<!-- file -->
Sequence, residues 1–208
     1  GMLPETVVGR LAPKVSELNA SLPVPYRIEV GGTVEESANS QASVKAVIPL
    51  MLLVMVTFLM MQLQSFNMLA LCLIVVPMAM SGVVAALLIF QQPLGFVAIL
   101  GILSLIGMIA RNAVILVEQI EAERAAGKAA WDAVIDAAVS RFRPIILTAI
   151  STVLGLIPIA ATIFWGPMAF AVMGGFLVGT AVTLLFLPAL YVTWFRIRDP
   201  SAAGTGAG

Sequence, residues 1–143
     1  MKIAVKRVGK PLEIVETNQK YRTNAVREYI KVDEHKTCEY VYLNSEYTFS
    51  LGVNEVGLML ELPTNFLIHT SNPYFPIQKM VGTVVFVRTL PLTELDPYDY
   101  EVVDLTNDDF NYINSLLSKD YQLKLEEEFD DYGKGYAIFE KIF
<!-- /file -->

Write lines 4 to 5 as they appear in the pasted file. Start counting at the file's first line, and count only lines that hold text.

   101  GILSLIGMIA RNAVILVEQI EAERAAGKAA WDAVIDAAVS RFRPIILTAI
   151  STVLGLIPIA ATIFWGPMAF AVMGGFLVGT AVTLLFLPAL YVTWFRIRDP